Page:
By Caroline Helper (@forgetburgundy)
For every action there is an equal and opposite reaction. Although there are always other factors at play, this, I truly believe, is the force that drives trends more than anything else. You can see it in fashion, you can see it in food, and you can see it in wine.
My parents, for example, are Baby Boomers, and their wine preferences would give them away even if they never told you how old they were. My dad loves big, rich, smooth wines – give him a California Cabernet and he’ll give you a big wine-stained smile. My mom prefers Kendall Jackson Chardonnay – affectionately referred to as KJ in my house – a wine that is big, buttery, rich, and redolent of oak and vanilla.
My parents became wine drinkers during the golden age of Robert Parker, whose preference for big bold California wines has defined a style that is still extremely popular with wine drinkers around the world. The Robert Parker effect has been so vast and so penetrating across the wine world that even while winemakers everywhere strive to emulate the style that launched 100 points, the beginnings of a backlash have already stirred.
As the next generation (sorry Gen-Xers, but we are 80-million strong to your 51-million), in terms of sheer size, power, and influence, we Millenials are already making a significant impact on the wine industry. Oh, and there are still 20 million of us who have yet to turn 21.
For a glimpse into just what kind of power we Millenials yield in the marketplace, take a look at what we’ve done to Moscato. Moscato used to be a relatively obscure grape known mostly for producing the slightly fizzy sweet wine, Moscato d’Asti. Recently, however, big industrial wine producers like Barefoot Cellars and Yellow Tail have started producing versions that are a runaway success. A recent Nielsen survey showed that Moscato sales grew 78 percent in 2011, driven almost entirely by wine drinkers between the ages of 21 and 30. It was also recently reported that plantings of Moscato grapes in the U.S. are expected to increase by 136 percent by 2015. Reports on the Moscato craze point to the wine’s ubiquity in hip-hop culture, its generally low price point, and its accessible flavor profile (it’s sweet, low in alcohol, and it tastes like peaches). Wine industry pundits are even starting to call Moscato “the next White Zinfandel.”
I bring up Moscato because it is a great example of the impact that Millenials can have on the wine industry and also because it points to a shift in palate that, I believe, is about due and not inconsequential.
I believe that we are in for a major shift away from the big, bold, high-alcohol California-style wines beloved by the Baby Boomers – our parents. I think there are a number of reasons for this, and our preference for Moscato is just the first indication of the impending shift towards lighter, fresher, and more food-friendly wines. Below are some important reasons (but not the only one) that I’d like to think this:
- The explosion of foodie culture: As food only becomes increasingly important (and cool – chefs are the new rockstars) to Millenials, I believe that wine will reclaim its rightful place at the table – as an essential part of the meal. That means the wine that’s on the table has got to more food-friendly. Those big bold wines that hold a special place in our parents’ hearts and cellars? They may be delicious, but they’re not very food-friendly. Food-friendly wines tend to be higher in acid and tannin and lower in alcohol (see: Moscato). Also, while our parents have stuck up their noses at sweetness in wines, we Millenials, raised on soda and fattened on high-fructose corn syrup, have shown that we have no problem imbibing our sweet fix (see: Moscato). Sweetness, by the way, does not inherently reduce a wine’s food-friendliness depending on what it’s paired with – it’s a fantastic accompaniment to spicy food and particularly Asian flavors.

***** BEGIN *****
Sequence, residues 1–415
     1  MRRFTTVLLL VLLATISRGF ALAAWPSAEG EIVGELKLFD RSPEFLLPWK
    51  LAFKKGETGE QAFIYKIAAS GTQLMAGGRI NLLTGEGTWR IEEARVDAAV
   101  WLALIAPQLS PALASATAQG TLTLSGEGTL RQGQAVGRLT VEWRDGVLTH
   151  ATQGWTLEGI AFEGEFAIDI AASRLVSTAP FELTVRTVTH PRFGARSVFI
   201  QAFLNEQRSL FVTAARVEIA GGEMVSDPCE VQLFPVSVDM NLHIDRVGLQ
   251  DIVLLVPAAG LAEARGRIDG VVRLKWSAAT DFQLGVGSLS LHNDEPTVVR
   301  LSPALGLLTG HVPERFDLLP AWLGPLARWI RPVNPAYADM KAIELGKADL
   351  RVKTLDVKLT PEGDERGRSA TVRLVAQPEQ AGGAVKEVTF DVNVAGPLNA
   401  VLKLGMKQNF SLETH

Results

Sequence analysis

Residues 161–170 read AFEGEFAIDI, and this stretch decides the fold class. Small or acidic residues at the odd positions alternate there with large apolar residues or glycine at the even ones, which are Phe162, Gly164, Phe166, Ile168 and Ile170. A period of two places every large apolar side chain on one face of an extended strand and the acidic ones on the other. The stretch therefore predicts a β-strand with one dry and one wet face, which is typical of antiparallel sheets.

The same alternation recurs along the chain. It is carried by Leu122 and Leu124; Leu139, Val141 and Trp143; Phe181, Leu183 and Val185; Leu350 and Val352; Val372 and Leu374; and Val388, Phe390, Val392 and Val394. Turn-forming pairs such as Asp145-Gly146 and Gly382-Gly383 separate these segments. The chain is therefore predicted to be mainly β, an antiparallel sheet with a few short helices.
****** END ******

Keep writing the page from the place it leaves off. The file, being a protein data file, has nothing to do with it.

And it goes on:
- The internet: In the face of that great global connector, the internet, it’s hard to argue that we are not a more internationally influenced audience than any previous generation. We are aware of the rest of the world because we are connected to it in a way that is totally unprecedented. The effect is that we are more curious, more worldly, and more concerned about our place and our impact on that world. This factor, I would argue, means that all of the hubbaloo surrounding the Natural, Organic, and Biodynamic wines is not going to die down anytime soon. Especially with Natural and Biodynamic wines, the wine making process tends towards wines that fall neatly in the food-friendly camp – they are leaner, fresher, and speak more to varietal purity and that elusive concept of terroir. Looking out at the rest of the world, especially toward Europe, Millenials will also come face-to-face, again, with the idea of wine as part of a meal.
There is some data to support the claim that we are already seeing a slight shift, or the beginning of one. Hello Vino is a company that has a mobile app that doles out wine recommendations based on consumer taste preferences, meal pairings, gifts for occasions, or region. The company released a wine consumer survey last year (March of 2011) that showed the ways that taste/varietal preferences are shifting and that most recommendations (47 percent) were generated based on suggestions for pairing wines with a meal.
Like what I’ve got to say? Maybe want to read more? Head over to my wine blog, Forget Burgundy, for more of my personal musings on wine!